Once (I remember it was on one of the hour-long train journeys between Doncaster and Grimsby when one had come up fast from London and now deeply regretted the slowness of the connection with the East Coast main line) two English people (I never deduced their relationship) talked long and loudly about why they were glad one now lived in Spain (where I gathered he spent most of each year) and the other in Canada (from where I gathered he was returning for the first time in very many years) since immigration had ruined England.
Making the immediate limited obvious point is too easy. Making the faux sophisticated point that we are all relatively recent immigrants is too smug. There is a more challenging point which it is much harder to face.
The European population surge of the eighteenth and nineteenth centuries (as an agricultural society intensified and gave way to an industrial one, alongside improvements in sanitation and medicine) was dealt with by the safety-valve of mass emigration to places such as America, Australia, Canada, New Zealand and South Africa – there may be more descendants of the eighteenth century inhabitants of the British Isles today outside them than inside them – and the largely displaced native populations of those countries took the consequences of this. It happened despite the fact that new travel and international communication possibilities were in fact comparatively poor. It happened while the environmental consequences of industrialisation were visibly acute only in the largest urban areas.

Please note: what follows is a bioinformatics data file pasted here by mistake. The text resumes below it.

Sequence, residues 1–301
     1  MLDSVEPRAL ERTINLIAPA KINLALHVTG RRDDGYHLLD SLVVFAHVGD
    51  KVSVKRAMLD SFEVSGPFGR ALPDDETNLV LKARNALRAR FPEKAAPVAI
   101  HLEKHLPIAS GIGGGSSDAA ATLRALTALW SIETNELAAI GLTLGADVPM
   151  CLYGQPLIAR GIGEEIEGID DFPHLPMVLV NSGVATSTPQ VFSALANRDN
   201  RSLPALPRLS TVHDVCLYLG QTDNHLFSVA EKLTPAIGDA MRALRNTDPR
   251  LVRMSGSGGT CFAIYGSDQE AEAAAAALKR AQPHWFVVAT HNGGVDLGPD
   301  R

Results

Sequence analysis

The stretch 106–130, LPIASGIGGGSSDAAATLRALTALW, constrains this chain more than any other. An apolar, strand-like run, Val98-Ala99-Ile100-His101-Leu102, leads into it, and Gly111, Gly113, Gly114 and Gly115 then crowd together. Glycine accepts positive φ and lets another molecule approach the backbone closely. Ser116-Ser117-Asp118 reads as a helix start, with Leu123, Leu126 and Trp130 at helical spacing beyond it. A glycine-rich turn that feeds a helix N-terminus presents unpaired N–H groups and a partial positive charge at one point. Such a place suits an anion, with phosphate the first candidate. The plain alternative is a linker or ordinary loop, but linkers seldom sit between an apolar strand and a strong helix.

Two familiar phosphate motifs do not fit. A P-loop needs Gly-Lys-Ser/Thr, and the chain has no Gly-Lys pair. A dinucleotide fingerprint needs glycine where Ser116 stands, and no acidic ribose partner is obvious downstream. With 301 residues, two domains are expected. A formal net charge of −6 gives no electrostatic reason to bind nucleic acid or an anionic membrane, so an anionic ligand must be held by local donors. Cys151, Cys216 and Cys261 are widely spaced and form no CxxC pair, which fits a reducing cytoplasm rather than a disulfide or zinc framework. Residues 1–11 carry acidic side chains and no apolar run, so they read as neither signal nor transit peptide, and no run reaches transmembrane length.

The world-wide population surge of the twentieth and twenty-first centuries (similar factors are rolled out across the world) has happened with no remaining safety space – the human population of the world has more than doubled in my life-time – and native peoples of both the British Isles and the countries we have populated are undisplaceable and unwilling to face any consequences. Travel and international communication possibilities are much greater so intensify the pressure. The environmental consequences of industrialisation are now visibly acute everywhere.
In this context, ridiculing overheard train conversations, railing against Trump and despairing at Brexit are hardly the point. Those who do not perceive themselves to be the products of eighteenth and nineteenth century population expansion and redistribution unconsciously wish to isolate ourselves from the consequences of visible twentieth and twenty-first century population expansion and redistribution pressures. It is simply that this instinct (expressed by a majority as sneers at multi-cultural societies, as votes aimed at making one’s own nation great, as policies to uncouple formal international interdependence) cannot actually remove anyone from the global situation in which we are all caught up together.
Dead children on Mediterranean beaches and in the Rio Grande are individual human tragedies and are also the hard to face markers not of where our boundaries will be preserved but of where these shifting human tectonic plates are colliding inexorably.
The tree is at the end of our road.